Rediscovering Jesus - Part 13 - The Last Supper, The New Covenant - Hope 103.2

Rediscovering Jesus – Part 13 – The Last Supper, The New Covenant

Simon Manchester continues his series on the life of Jesus, with a close look at the meal he had the night before his crucifixion, known as The Last Supper.

By Simon ManchesterSunday 14 Apr 2019Christian Growth with Simon ManchesterFaithReading Time: 0 minutes


Our message today is from Mark 14. I remind you that we don’t gather here to hear from me or any other person, but really the Word of God and these verses in Mark have got a lot to do with the Lord’s Supper. The Lord’s Supper in our mind is often governed by the painting by Da Vinci, where for some reason, everybody decided to sit on one side of the table. I think because the artist was there wanting to get everybody in. And there have been many, many thoughts about the Lord’s Supper in the last 2000 years, lots of crazy ideas, lots of helpful ideas. And it’s good for us to travel back to the 1st century and see simply what Mark wanted to tell us.

If you were here last week in Mark 14, we’re travelling in the last chapters of Mark leading up to Easter. We saw two people and their extreme reactions to Jesus. One of them was a woman, basically, anointing Jesus with expensive perfume. Very grateful. The other one, of course, was Judas, greedy, plotting His death. You couldn’t have greater extremity.

These two were a reminder to us last week that in the end, the world is either moving towards Christ or away from Christ. We may be very grateful this morning, many of us, that God has caused us to come to Christ, but we must also remember that many are hostile, and we are in the world to be good signposts for Christ.

This section in Chapter 14 from verse 12 is searching because we begin to realise as we look at these verses, that as they sit at the table, there’s only one worthy person. You’ve got others there who are deserters, and you’ve got one there who is a betrayer, but there’s nobody worthy at the table, but Jesus Christ, the saviour.

If you look at Chapter 14, 12 to 26, that there are 15 verses and they’re arranged by Mark as a sort of, a sandwich. The first five verses tell us that Jesus is in complete control. We might say He’s the king. The last five verses tell us that Jesus is a loving saviour. And in the middle, there is a great evil.

It’s as if the section begins by telling us that Jesus is the master, it finishes by telling us that He is the lover, and in between, there is a massive need. Now when you think about those three together, control, evil, love, first five, second five, third five verses, it is remarkable that the three of them could be together at the same table.

If Jesus is in complete control, why have a betrayer at the table? Why not eliminate him? Isn’t this one of the big questions we ask every now and again, if God is so great, why doesn’t he just eliminate evil? Surely, with one flick of the finger, He could do it. If there is a betrayer at the table, why be loving? Why allow the body of Christ to be crucified and the blood of Christ to be spilled? Isn’t, again, this’s one of the great questions that we ask? If there is so much evil in the world, what is God doing?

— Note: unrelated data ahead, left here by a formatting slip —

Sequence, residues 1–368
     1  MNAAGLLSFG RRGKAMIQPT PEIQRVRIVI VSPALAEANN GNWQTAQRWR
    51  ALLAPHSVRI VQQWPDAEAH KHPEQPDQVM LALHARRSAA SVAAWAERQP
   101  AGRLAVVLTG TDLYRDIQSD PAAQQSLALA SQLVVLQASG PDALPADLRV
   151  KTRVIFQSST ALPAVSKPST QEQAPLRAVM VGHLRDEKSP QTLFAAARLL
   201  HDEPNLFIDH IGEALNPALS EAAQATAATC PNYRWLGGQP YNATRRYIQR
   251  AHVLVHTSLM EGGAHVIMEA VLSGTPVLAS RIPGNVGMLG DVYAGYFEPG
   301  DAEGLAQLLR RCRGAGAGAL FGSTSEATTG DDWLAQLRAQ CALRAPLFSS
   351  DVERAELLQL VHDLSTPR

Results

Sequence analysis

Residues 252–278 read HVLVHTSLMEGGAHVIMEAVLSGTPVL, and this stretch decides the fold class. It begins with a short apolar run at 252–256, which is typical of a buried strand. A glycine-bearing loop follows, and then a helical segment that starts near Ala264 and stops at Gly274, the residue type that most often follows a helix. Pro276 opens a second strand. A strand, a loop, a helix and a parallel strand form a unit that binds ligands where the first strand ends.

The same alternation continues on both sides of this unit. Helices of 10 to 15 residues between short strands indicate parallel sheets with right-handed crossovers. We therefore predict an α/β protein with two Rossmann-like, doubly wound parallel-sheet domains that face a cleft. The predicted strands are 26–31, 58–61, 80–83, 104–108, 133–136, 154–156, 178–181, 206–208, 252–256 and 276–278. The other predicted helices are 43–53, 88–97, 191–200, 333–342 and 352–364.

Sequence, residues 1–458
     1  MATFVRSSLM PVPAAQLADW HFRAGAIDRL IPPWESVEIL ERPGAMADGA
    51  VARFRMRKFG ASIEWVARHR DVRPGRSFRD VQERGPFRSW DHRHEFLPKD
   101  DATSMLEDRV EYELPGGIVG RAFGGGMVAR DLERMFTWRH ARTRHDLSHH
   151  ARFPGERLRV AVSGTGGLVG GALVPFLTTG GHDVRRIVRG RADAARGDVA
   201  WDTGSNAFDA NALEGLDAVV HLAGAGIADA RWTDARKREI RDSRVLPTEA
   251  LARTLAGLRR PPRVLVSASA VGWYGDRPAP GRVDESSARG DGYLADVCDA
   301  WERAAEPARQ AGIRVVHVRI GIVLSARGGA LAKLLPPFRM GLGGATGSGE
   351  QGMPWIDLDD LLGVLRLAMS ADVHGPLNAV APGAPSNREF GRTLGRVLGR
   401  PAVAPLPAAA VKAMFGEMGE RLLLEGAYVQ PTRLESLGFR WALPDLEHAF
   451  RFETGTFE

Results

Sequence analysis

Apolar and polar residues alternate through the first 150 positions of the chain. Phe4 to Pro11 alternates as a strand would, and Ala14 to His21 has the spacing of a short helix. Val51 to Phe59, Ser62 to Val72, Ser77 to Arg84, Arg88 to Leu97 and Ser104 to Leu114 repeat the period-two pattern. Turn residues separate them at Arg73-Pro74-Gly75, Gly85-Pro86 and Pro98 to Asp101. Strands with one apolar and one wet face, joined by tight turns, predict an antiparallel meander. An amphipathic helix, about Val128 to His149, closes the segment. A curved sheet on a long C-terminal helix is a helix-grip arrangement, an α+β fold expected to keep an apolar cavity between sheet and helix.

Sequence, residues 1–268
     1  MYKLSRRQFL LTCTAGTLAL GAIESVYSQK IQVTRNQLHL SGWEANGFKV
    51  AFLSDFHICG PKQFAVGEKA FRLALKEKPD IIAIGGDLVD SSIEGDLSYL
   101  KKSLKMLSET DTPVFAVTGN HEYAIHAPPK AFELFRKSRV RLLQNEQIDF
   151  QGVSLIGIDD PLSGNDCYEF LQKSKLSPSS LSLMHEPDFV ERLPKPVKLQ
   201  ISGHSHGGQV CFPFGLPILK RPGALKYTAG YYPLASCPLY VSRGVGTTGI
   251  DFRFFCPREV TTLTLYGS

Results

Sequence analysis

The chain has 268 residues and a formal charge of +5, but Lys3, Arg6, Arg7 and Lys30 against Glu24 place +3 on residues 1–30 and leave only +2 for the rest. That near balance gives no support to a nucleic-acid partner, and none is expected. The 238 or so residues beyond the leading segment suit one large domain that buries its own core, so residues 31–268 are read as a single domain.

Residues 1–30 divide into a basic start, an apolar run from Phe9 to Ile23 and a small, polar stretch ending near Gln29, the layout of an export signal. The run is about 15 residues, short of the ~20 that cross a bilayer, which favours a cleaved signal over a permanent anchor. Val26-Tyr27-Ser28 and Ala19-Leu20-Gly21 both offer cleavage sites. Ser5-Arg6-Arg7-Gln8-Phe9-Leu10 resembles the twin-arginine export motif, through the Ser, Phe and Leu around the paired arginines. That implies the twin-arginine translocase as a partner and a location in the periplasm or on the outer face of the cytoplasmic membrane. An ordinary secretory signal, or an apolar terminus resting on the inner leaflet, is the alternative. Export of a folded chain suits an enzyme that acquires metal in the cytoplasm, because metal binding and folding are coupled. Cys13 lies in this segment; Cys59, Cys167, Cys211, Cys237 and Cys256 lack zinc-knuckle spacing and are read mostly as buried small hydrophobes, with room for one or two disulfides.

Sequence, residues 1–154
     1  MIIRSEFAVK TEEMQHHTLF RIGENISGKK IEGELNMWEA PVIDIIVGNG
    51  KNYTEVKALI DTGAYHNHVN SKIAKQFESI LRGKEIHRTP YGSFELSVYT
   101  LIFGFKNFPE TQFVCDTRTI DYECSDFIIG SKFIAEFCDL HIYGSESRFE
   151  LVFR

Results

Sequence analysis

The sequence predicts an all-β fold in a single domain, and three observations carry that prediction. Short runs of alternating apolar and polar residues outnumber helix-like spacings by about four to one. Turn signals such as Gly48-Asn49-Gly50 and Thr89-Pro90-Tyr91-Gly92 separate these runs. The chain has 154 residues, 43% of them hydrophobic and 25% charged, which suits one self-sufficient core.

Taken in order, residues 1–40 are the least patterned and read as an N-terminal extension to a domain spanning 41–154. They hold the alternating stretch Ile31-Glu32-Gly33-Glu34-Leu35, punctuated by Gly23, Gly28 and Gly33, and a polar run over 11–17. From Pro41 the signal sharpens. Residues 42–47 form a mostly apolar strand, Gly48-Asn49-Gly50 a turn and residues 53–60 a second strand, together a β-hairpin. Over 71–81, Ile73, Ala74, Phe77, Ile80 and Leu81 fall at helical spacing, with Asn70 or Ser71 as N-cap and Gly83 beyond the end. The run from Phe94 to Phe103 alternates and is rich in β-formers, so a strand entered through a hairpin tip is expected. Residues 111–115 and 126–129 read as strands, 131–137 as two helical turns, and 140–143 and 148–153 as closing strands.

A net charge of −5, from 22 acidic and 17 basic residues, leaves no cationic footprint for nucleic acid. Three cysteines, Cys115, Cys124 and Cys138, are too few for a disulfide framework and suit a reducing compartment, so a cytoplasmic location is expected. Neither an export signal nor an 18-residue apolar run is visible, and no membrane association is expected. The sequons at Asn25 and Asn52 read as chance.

Hope 103.2 is proudly supported by

Great Control

On the first day when it was customary to sacrifice the Passover lamb, Jesus’ disciples asked Him, “Where do you want us to go and make preparations for you to eat the Passover?” In other words, “Lord, it’s time to remember our rescue from Egypt. Where will we be doing this together?”

Those of you who read the gospels carefully will know that the days of the Passover are presented in the four gospels in various ways, some would say contradictory ways, but they are wonderfully reconcilable and especially when we remember that the word ‘Passover’ is not just the word for the feast, but the word for the week.

In the city of Jerusalem, it’s estimated during the Passover week that the numbers rose massively. One writer has suggested a million more people came into the city if that could be possible. And so, what Jesus says in Chapter 14 verse 13 is amazing, when He says to two of the disciples, “Go into the city, and a man with a water jar will bump into you.”

You think to yourself, “What corner will that happen on?” And Jesus says, “I want you to follow this man, and he’ll take you to a house, and I want you to say to the owner of the house, where is the big room? He’ll show you the big room. You get things ready.”

Here is Jesus in complete control. You remember that when He was entering Jerusalem, He sent two disciples and they were to find a colt tied to a fence, and they were to untie it. And when people spoke to them about the colt, they would say this, and the people would say this, and they would say this, and then He would ride into Jerusalem. And now He sends two again, to arrange the supper. And this is two who’ll meet a man with a water jar, and a house, and a room, and it’s all because the teacher has arranged it.